I place the chicks in a bowl with towels and cover the bowl and quickly clean the box. My parent tiels who are inside I open the cage door and let them explore or stay with the babies while I clean. But my birds who are in an outdoor aviary I keep the bowl where they can see the babies and clean the box, none of them seem to have a problem with that.

    Maybe you were reffering to budgies and other bird species?

    Just a thought
     
  9. charmedagain

    charmedagain New Member

    HI as a cockatiel breeder it is unwise to touch the chicks until they are atleast 2weeks old this is when it is safe to clean out the nest box.
    Even hand tame cockatiels can and will reject and kill there chicks if they are handle by people i check the nest regularly to make sure they are being fed but never handle them.
    One of my breeding pair are hand tame and they killed 3out of 4 of there chicks do to me touching them to clean there nest so i had to hand rear the 4th from 3days of age.

    The same goes for all birds never touch there young until they are 2weeks of age
    mike
     
  10. Plincko

    Plincko New Member

    Sorry Charmedagain, but I also agree with Lanena. There is no "rule" as to when a human should be allowed to handle the chicks. This is entirely up to the breeder. For well-socialized chicks, it is advisable to handle them as much as possible without interfering with their parents' "schedule". It is actually especially important to handle the chicks during the first two weeks. This is because, as their eyes are closed, they rely on their senses of hearing, touch, and scent. If you intend to tame the birds as easily as possible, it is a good idea to get them very used to your hands and voice, as well as even your breathing pattern. Chicks tend to experience fear and stress when their eyes first open, and even their human handler will intimidate them to some degree. However, the baby birds will be most likely to warm up to you sooner if they recognize the feel of your fingers, breath, and sound of your voice. An unsocialized chick might take longer to acclimate because no initial confrontation has ever happened, and they are less likely to recognize you.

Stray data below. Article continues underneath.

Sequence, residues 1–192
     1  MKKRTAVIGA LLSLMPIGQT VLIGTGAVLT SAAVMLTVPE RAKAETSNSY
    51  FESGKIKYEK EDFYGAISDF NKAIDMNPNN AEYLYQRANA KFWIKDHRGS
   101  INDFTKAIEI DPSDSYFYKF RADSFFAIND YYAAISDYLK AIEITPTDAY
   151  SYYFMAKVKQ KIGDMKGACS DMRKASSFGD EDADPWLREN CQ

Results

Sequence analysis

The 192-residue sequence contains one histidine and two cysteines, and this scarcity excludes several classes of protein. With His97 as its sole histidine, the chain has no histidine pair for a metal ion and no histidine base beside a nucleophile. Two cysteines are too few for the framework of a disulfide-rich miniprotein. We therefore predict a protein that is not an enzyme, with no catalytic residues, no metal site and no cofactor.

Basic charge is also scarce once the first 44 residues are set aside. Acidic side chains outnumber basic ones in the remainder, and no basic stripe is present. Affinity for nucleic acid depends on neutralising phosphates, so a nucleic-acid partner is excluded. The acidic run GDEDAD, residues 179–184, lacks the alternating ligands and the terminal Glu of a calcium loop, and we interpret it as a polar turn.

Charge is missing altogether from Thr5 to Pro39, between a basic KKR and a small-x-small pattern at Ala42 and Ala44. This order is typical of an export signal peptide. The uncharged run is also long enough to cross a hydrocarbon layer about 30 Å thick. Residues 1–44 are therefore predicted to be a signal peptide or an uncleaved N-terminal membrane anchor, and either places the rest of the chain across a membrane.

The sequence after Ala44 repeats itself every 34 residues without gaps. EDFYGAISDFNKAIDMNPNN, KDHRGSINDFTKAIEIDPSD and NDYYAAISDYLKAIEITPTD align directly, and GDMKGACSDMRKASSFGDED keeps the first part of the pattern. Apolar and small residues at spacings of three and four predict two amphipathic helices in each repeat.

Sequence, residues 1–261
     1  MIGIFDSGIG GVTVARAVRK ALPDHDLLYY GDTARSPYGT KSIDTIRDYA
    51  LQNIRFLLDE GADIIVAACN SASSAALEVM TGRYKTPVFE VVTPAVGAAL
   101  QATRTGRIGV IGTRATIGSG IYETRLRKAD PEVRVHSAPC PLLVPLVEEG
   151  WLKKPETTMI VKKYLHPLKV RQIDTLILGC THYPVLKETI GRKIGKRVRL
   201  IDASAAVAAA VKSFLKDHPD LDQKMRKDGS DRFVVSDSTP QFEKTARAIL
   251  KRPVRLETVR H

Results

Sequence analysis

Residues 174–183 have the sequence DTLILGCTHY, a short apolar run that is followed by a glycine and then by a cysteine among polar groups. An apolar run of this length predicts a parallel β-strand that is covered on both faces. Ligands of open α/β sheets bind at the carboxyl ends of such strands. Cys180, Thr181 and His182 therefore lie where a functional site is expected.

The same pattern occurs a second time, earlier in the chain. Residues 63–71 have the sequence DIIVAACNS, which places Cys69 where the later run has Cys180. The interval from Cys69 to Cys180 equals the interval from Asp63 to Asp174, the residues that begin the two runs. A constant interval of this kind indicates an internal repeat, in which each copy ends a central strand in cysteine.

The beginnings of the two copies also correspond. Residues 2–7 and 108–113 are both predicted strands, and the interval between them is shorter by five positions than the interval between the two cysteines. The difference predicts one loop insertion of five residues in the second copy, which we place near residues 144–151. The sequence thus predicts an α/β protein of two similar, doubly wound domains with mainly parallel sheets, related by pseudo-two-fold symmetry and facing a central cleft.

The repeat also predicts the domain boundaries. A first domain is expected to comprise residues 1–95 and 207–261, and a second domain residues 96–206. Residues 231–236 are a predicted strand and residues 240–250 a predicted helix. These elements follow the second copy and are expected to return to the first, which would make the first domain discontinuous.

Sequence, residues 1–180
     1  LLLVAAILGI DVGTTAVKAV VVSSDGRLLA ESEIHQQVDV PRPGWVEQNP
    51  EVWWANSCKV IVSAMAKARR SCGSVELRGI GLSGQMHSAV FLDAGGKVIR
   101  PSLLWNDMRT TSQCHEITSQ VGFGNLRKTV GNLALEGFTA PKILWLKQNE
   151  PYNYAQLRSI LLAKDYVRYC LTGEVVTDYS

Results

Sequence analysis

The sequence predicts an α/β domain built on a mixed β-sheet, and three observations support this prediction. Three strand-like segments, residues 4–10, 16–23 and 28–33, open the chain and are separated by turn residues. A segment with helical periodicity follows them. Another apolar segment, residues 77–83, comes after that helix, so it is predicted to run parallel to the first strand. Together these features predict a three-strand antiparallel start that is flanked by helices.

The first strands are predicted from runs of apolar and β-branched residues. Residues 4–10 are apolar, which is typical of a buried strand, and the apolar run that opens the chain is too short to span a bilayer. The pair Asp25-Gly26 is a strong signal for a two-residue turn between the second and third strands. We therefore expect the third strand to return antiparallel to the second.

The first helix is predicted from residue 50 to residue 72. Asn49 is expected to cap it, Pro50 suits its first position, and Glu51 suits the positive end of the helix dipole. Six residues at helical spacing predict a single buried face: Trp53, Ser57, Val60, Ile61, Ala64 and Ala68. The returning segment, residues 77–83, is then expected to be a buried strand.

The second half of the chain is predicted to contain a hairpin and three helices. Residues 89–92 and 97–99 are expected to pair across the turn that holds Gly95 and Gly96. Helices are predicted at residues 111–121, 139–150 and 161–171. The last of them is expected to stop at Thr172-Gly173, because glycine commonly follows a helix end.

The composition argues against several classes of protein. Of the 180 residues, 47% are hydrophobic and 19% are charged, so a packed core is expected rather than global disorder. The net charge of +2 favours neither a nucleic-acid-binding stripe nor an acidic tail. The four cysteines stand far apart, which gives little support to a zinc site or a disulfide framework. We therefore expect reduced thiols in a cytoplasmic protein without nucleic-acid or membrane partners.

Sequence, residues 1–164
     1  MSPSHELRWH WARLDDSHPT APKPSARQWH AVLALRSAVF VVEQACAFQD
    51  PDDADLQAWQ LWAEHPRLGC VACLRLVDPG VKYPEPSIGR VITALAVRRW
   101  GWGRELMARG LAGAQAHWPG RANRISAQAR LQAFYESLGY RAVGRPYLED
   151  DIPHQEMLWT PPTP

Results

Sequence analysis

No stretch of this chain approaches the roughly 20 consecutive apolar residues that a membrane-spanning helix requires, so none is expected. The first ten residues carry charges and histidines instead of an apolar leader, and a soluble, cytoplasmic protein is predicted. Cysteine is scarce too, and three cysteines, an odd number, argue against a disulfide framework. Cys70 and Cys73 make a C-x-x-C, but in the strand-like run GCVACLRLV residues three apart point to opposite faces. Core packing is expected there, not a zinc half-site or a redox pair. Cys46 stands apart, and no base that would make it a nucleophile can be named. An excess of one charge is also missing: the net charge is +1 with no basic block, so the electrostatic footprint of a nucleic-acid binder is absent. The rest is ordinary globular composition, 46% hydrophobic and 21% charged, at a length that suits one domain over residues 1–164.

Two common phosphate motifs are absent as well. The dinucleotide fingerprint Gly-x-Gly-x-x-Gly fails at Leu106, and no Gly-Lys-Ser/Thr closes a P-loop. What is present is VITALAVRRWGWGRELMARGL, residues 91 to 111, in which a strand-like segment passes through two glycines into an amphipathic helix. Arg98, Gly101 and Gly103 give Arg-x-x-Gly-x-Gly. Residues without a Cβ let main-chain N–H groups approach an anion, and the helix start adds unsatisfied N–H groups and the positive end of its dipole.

11. charmedagain

    charmedagain New Member

    I have been informed by the breeders i know they told me that none of the chicks untill 2weeks of age this is due to the fact the parents can reject or even kill there babies.

    I also been told that the only time chicks should be handle is when the parents wont feed them and they need to be hand raised.
    I have bred cockatiels and budgies for awhile and none of my chicks are handle until 2weeks of age apart from1 which i had to hand raise due to being neglected by her parents.

    As for the chicks freaking out and become stressed if they have not been handled before there eyes open is not true as all of mine have been fine they all know my voice and they know the smell of my aftershave and i dont have any trouble hand taming any of the birds.

    But everyone has there own opinion on the matter

    mike